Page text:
When the Olympic and Paralympic Games Tokyo 2020 were postponed by one year due to the COVID-19 pandemic, Toyota shared in the inevitable collective first shock of the news. The decision was disappointing, to say the least but the decision was respected to ensure the Games are a safe and memorable experience. Team Toyota athletes have been training hard and Toyota Team Members have been cheering them on, as well as looking forward to being a part of an event that brings people around the world together on a grand scale. “The Olympic and Paralympic Marketing Team has been pouring their heart and soul into the planning for Tokyo 2020, so naturally, we were sad at the thought of not being able to see those plans come to life this summer,” says Ed Laukes, group vice president, Toyota Marketing, Toyota Motor North America.

However, there was also no denying the gravity of the situation that created the postponement and disappointment was soon replaced with powerful hopefulness and optimism in the face of an historic challenge. Instead of focusing on “what might have been,” the Olympic and Paralympic Marketing Team forged ahead with innovative solutions, fine-tuning their approach and seizing the opportunity within the sudden change of plans. Now, the Olympic and Paralympic Games Tokyo 2020 are again one year out, retaining the original name. Olympic Games Tokyo 2020 will run from July 23 to August 8, 2021, and Paralympic Games Tokyo 2020 run from August 24 to September 5, 2021.

“The team has done an excellent job at adapting to the current environment, especially since the situation has been so fluid,” says Laukes. The power of adapting is a key philosophy at Toyota as the company undergoes transformation from traditional automotive into a mobility company. This moment pushes athletes and sponsors to dig deep for resilience. After all, turning obstacles into opportunities is at the heart of the Start Your Impossible mindset. As Laukes says, “The team made a very deliberate choice. Rather than see this postponement as an insurmountable challenge, they chose to use the time as a gift and aim to do more for our Team Toyota athletes, our National Governing Body [NGB] partners, and the Olympic and Paralympic Movement.”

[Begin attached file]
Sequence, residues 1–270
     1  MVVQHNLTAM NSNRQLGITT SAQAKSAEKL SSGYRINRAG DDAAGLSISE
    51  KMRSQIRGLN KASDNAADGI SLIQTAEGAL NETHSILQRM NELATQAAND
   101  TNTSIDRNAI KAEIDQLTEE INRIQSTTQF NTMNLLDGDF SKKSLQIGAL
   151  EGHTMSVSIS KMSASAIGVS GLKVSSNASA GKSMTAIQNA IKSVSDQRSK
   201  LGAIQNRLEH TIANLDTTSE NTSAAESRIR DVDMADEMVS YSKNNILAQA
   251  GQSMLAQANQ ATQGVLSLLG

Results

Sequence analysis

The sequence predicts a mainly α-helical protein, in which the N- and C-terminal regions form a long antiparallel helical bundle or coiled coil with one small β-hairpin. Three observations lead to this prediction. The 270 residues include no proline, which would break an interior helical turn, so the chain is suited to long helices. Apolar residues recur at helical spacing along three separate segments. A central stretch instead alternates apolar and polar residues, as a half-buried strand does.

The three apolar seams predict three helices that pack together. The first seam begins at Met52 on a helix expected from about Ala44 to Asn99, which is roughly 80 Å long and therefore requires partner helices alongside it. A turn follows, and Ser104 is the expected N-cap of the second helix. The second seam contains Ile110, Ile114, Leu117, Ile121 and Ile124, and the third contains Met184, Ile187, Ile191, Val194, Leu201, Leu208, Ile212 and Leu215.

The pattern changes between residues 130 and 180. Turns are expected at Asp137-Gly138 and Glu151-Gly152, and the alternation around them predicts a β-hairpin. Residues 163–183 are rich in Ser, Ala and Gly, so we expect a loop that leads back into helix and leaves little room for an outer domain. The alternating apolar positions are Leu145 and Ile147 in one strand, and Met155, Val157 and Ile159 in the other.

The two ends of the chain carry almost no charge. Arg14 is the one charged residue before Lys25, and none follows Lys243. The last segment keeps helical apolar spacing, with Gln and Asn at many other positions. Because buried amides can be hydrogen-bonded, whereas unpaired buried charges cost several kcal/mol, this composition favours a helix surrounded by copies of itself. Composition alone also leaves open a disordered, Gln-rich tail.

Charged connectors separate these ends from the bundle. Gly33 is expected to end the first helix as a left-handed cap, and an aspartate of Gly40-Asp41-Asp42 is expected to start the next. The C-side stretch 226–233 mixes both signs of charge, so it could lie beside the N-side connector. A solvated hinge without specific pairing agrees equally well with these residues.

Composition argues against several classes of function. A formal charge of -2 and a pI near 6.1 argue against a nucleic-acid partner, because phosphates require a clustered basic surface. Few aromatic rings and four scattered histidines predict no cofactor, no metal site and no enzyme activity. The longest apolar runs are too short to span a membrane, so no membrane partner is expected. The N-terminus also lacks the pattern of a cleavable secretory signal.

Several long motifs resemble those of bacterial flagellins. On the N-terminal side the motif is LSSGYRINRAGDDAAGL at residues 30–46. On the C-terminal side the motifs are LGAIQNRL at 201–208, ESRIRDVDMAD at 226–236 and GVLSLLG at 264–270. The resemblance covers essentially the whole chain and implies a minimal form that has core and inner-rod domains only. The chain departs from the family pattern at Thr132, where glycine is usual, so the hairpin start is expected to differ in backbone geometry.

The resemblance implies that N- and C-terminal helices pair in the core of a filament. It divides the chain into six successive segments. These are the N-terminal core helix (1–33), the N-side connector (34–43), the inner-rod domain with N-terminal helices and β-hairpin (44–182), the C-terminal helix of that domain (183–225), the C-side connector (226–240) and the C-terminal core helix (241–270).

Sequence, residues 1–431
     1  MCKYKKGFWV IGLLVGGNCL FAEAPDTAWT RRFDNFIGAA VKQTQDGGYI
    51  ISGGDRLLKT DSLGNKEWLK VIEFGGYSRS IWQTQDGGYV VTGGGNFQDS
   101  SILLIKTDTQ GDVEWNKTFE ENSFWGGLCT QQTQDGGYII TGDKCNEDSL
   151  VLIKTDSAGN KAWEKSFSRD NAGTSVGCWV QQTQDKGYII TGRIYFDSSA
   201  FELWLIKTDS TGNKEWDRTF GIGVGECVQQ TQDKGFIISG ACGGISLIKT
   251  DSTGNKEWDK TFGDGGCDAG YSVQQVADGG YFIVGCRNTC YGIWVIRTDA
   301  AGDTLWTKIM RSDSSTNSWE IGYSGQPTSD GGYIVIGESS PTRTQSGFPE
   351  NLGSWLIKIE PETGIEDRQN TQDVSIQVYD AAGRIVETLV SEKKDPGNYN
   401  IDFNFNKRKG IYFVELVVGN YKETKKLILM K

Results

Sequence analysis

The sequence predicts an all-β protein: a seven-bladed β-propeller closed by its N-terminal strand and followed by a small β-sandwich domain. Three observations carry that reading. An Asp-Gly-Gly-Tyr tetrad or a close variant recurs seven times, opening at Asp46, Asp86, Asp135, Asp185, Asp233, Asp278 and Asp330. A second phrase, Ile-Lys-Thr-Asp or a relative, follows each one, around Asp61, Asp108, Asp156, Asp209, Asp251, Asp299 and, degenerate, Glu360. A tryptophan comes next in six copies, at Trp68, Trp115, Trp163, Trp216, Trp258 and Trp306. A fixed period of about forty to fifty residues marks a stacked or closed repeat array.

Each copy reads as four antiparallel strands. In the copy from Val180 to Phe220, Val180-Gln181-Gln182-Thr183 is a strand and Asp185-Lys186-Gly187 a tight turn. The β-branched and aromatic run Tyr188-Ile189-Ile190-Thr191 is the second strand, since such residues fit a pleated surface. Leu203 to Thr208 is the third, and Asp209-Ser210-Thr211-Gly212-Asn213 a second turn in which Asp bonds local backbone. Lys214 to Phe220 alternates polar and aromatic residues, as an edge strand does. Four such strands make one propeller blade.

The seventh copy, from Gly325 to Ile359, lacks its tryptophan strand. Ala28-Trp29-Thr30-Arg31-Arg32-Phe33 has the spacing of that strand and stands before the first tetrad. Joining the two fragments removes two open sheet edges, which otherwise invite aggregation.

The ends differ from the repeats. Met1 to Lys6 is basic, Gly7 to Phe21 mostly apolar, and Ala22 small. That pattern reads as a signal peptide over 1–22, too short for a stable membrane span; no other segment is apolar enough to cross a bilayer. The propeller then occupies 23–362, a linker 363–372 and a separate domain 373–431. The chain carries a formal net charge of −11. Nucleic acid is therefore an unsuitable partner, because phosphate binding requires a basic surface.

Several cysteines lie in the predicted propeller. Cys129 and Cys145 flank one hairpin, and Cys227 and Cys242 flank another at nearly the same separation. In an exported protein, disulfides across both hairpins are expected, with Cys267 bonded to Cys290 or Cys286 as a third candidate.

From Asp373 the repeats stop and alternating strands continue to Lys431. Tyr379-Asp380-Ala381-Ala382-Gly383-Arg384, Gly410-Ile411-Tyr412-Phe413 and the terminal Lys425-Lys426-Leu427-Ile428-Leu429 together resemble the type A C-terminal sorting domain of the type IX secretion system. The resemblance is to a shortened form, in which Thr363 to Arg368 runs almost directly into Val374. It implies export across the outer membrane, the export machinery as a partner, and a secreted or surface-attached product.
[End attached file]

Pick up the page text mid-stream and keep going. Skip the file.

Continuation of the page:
Given that in-person events are at a standstill, like many organizations, Toyota quickly pivoted its digital and creative content strategies to accommodate virtual communication and maintain social engagement. Laukes explains that the team implemented virtual athlete appearances on Microsoft Teams which, he says, “has been a fantastic way for Team Members and external groups to get to know our incredible roster of Team Toyota athletes.” Continues Laukes, “With our 17 NGB partners, we’ve historically activated at numerous live events, but the team quickly shifted our strategy to be digital-first, allowing us to still communicate with their membership bases, just in a different way.”

Team Toyota athletes embrace that same challenger spirit and use the present moment as a catalyst to inspiration and to share what it means to keep going as they re-start their impossible. Says Laukes, “We remain in close contact with the athletes, and what we have seen is that they embody the Olympic and Paralympic spirit and are resilient in the face of this challenge. We remain fully committed to supporting them in their journey to the Games and beyond.” Like people in other lines of work, Team Toyota athletes are finding creative ways to adapt to the change. In this case, being flexible often means training in their home gyms, driveways and backyards. Like the rest of us, athletes are also finding a new perspective on the bigger picture. As Laukes says, “It’s been great to see the athletes taking this time to focus on other aspects of their journey beyond the physical training. They continue to have a positive outlook and are inspirations to us all.”

Here’s how the Team Toyota athletes are thinking about the upcoming year.

Paralympic swimmer Jessica Long is leaning on her support system.

We all know this has been a tough time and everyone is going through their own challenges. I’m trying to be adaptable — what’s been really helping me is just slowing down, trying to appreciate the small things, and checking in on others. I’ve been checking in with my grandparents and spending more quality time with my family, which has been great. Kindness goes really far.

But it’s also okay to have tough days. You can have a bad practice, you can add time, the Games can get postponed by a year. With everything that’s going on right now, it’s okay to struggle through something, but be sure to reach out to your support system and find ways to pick yourself back up.

Paralympian Steve Serio is working on staying connected with the wheelchair basketball team.